• Healthcare, entertainment, and other services: Meituan now records 50 million average monthly views of “senior facilities” and related keywords. The delivery firm has been adding more services (in Chinese) to meet seniors’ demands such as for reservations for karaoke sessions and haircuts.
  • Education: Covid-19 has sped up the development of online education. Jiayou, an online education and social networking startup targeting people between 50 and 70, has attracted one million users to its classes on wellbeing, cooking, music, and other subjects. Competitor Hongsong also boasts one million users. Tangdou, an app teaching older people square dancing, secured backing by Tencent in 2019 and today has 20 million active users.

It’s not font size, it’s complexity: Whether they already use the internet or not, the elderly are having trouble embracing new technology.

  • Nearly 100 million out of China’s 940 million internet users as of June 2020 were aged 60 or above, says a report by the China Internet Network Information Center (in Chinese). This compares to the country’s 254 million population in this age segment.
  • Almost half of China’s 463 million non-netizens say they are not online because they lack essential digital knowledge. The ratio could be much higher for seniors.
  • Some older people who are longtime internet users nonetheless still have more trouble accessing new technology than the younger generation, such as making online orders at restaurants or getting their health QR code.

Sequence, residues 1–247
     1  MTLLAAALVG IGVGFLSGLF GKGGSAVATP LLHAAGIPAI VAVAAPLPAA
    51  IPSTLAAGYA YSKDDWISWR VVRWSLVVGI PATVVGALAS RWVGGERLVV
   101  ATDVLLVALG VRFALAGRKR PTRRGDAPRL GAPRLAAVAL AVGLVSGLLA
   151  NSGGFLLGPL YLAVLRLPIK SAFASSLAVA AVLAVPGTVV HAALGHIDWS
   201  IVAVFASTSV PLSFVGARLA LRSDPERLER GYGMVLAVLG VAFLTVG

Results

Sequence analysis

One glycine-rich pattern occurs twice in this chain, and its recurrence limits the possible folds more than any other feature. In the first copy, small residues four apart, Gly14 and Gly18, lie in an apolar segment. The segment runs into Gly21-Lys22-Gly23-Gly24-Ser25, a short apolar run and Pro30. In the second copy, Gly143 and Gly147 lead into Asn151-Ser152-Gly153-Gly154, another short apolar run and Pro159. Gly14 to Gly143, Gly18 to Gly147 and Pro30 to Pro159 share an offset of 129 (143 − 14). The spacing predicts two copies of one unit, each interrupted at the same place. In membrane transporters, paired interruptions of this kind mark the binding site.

Back to school: Training programs on smart technology designed for the elderly have mushroomed over the past five years.

  • Senior universities and public libraries now operate training programs.
  • After the Covid-19 outbreak, Alipay introduced a segment dubbed “Alipay Senior University” to teach the older people how to order food delivery and pay for bus rides on the app so they could avoid human contact.
  • Local governments such as Shanghai, Beijing, and some in Sichuan province have launched training sessions to help older people adapt to smart technologies.
  • Typically, people between the ages of 60 and 75 are quicker learners in those programs compared with 75 or above, but the most effective way might be to learn from their own social circles, with a little help from digital peer pressure.

What about accessibility for groups other than the elderly? China has 83 million people with disabilities, including 17 million with visual impairments and 27.8 million with hearing loss. Efforts to clear their barriers are just starting.

  • Video platform Youku launched a barrier-free version for the visually impaired in December, and is preparing to bring 100 accessible films online over the next three years.
  • Iflyrec, an audio processing app made by iFlytek, pledged in October to provide free-of-charge transcription services to people with hearing impairment. It also features real-time transcription that could help them in daily communication.
  • The coverage is still far from enough, and getting people with accessibility problems online could be a problem itself.
  • Aside from the Ministry of Industry and Information Technology’s December initiative to promote barrier-free online experiences, the increasing need for contact-free public services amid the pandemic set things on a faster track as well.

Technology developed for other purposes, such as voice recognition, can sometimes benefit people with barriers. Apps designed for a special group [with accessibility problems] would be a good choice commercially, given China’s large population base. But I haven’t seen any so far. It’d be a much slower progress [for apps to cover people with barriers compared with senior citizens.]

— Beijing-based UI designer